Alpenglow on Teocalli

This lady is blessed with so much. Look at these photos!

victoria lise

Okay, okay it’s working now hooray! We have exceptionally high (holy) winds today and periods of heavy snowfall making the internet connection somewhat finicky.  I am so excited to share with you all my most recent winter photo-shoot. The winter season has been the most challenging for me to work with as the lighting is usually flat or incredibly bright but I’ve kept at it and I’m really, really pleased with this series of captures.


Teocalli Mountain (13,208) got its name in 1873 by famous Colorado photographer William Henry Jackson. He stated that ” ..the Aztec teocalli, or sacrificial mound, that were always built-in a pyramidal form, and which this mountain closely resembles…” is why he deemed this mountain Teocalli.  I have not made the trek up Teo yet but it is definitely on my bucket list.


White rock Mountain soaking up the sun on its evening descent. It is so…

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Rocket Yoga 3 “Happy Hour”

larry schultz epk

I love all three of the Rocket Yoga sequences, but I especially like Rocket 3. I was just thinking on Saturday, when I taught Rocket 2, how uniquely designed each sequence is; particularly the first two. But Rocket 3 is really special. When I took Rocket training, we were given relatively strict guidelines for the sequences. And what I took away from it was more the “intent” of the practice than the sequences themselves. Do we meet the guidelines that uses a lot of energy, fun, and freedom in the practice? Yes?! Then we accomplished the goal. Larry Schultz, the founder, liked it that way.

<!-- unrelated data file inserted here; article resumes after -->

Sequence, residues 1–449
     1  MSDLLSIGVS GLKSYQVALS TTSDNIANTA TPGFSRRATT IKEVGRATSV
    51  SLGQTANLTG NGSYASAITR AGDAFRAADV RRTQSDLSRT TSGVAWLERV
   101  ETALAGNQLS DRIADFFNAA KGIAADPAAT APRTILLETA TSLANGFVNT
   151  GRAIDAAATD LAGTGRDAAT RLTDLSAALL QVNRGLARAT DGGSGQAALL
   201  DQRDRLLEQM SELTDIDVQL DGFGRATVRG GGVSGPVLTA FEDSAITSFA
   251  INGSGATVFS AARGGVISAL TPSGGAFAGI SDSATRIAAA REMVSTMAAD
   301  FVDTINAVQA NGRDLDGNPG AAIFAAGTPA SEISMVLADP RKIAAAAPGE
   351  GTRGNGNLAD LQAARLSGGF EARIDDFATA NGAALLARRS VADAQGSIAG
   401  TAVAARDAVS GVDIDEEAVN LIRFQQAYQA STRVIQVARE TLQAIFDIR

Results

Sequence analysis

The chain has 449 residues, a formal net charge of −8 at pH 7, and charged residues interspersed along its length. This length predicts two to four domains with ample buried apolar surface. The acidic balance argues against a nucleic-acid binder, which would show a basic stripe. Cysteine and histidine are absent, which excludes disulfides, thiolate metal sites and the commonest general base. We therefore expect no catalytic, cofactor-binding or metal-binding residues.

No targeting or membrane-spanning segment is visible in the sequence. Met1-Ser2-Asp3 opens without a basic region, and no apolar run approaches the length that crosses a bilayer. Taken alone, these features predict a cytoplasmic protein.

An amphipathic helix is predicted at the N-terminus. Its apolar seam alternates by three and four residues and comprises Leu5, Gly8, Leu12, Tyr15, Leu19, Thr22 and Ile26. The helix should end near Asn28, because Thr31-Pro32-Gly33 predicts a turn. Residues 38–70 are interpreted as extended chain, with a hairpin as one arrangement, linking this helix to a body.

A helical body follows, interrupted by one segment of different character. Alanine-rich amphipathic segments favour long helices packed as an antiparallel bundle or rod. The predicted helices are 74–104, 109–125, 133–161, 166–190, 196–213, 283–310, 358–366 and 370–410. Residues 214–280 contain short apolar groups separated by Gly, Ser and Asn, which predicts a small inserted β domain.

Every once in a while, someone new comes to class. I can see that they have a style of their own. Maybe they’ve practiced yoga for years, but not necessarily Ashtanga yoga. Some poses, like triangle, side angle, and Warrior I, have a lot of variations that are possible. In Ashtanga, you would strictly apply a certain style to the pose. But in Rocket, I allow a lot of leeway. As long as they follow the “intent” of the practice, then I’m happy. Would I be happier if they applied the strict Ashtanga style? Yes. But that’s not so important. After coming to class for a while, they usually start to meet the style guidelines of Ashtanga.

Since Rocket 1 is closely associated with the Primary Series of Ashtanga, it tends to be the strictest in Ashtanga terms. But it is still fun and playful. Where we really play is in Rocket 3. I usually browse through Ashtanga series 2 through 6 and see what I can include in class. And then we jump in and out of the Rocket 1 & 2 sequences. Its a good time for experimentation, work-shopping, falling, and laughing. We even play with things like Zombie-presses, which we’ll probably do tonight.

I’m loving the practice and what it does for you. I’ve gotten so much stronger and proficient in the process. I see people on Instagram doing horse pose (vatayanasana) or some other higher level pose they’ve never done before and I think to myself, we do this every week in Rocket Yoga! People are sometimes amazed when they come to practice. Like “how is this even possible?!”

That’s what I love about Rocket Yogis! They are the cream of the crop!

When I Wore the Union Label


Unions played, and often still play, an important role in the work force today. They are intended to protect the workers making a fair playing field for a safe and efficient workplace. During the industrial revolution, there were times when people were virtually working in forced labor with poor conditions for safety. Unions enable people to join together and have a voice. But times have changed since then.